In partnership with Glassdoor, our investment analysts are taking a closer look at some of the most popular companies in Glassdoor's career community. 

IBM (NYSE:IBM) remains a household name in technology even after spinning off or selling many of its consumer-facing businesses. In fact, Big Blue took No. 4 in Interbrand's 2013 listing of Best Global Brands, putting it just behind Apple, Google, and Coca-Cola.

However, despite IBM being an extremely profitable company, the investment community isn't too hot on the stock: shares trade at just over 12 times trailing 12-month earnings. One widely held explanation for IBM's submarket multiple is that the company is having a difficult time reigniting revenue growth.

Nevertheless, with a powerful brand and nearly $100 billion in revenue last year, it's worth asking if IBM is one of America's best companies.

IBM's performance as an investment requires perspective
Year to date, IBM shares are up just 2.26%, while the S&P 500 has risen 7.35%. Over the last year, IBM is actually down 0.19% against an S&P that has soared 17.53%.

IBM investors who got in fairly recently probably aren't all that happy with the performance in the share price. But that doesn't mean IBM isn't trying to make its stock as appealing as possible. In October 2013, the company announced that its board of directors had added another $15 billion to its share repurchase program, raising the total authorization at the time to $20.6 billion. The press release also noted the company "expects to request additional share repurchase authorization at the October 2014 board meeting."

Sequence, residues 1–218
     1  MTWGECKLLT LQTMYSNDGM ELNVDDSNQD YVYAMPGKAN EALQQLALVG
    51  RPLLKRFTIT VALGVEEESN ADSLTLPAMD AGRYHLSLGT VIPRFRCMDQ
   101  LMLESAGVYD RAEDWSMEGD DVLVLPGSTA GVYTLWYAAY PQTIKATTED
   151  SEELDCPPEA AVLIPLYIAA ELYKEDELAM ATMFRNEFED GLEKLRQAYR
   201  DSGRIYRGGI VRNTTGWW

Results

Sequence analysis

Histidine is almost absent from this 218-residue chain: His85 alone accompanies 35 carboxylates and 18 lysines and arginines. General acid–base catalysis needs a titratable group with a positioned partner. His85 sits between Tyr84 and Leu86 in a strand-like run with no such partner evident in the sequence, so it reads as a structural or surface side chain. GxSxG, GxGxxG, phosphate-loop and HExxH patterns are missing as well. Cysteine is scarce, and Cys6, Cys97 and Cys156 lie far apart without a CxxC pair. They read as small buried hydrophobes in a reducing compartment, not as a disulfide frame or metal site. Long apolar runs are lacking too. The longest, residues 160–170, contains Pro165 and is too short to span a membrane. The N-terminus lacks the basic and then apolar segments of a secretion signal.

IBM has also made it clear that it wants to continue to drive earnings-per-share growth despite a difficult revenue growth story via cost-cutting, share repurchases, and a shift to higher-margin businesses. The good news is that IBM has a pretty good shot of reaching its sought-after $20 per share in 2015 earnings; however, absent meaningful revenue growth, the company's stock might continue to trade for a low earnings multiple.

Still, keep in mind that growing sales off of a nearly $100 billion baseline isn't exactly a walk in the park.

Are "IBMers" happy?
According to Glassdoor, out of 11,562 respondents, IBM received an overall average rating of 3.1 out of five stars. Fifty-four percent of respondents would recommend the company to a friend, while only 50% of 3,553 respondents approve of CEO Virginia Rometty.

Let's look more closely at the breakdown of the ratings:

Overall (IBM)

Culture and Values

Work/Life Balance

Senior Management

Comp & Benefits

Career Opportunities

3.1

3.1

3.3

2.6

2.9

3.1

Source: Glassdoor.

With these numbers in mind, let's look at some comments from the respondents and see how they fit within the broader context of these ratings.

One comment that particularly stuck out was from a current employee working in supply chain management. The employee offered the following advice to management, suggesting the potential long-term sacrifice that comes with IBM's $20 EPS target: "Need to understand the impact of layoff[s]. A lot of knowledge leaves with the employee."

A current advisory software engineer cited a similar concern: "Trying to do too much with too little. Understaffed. Often trying to catch up with technology."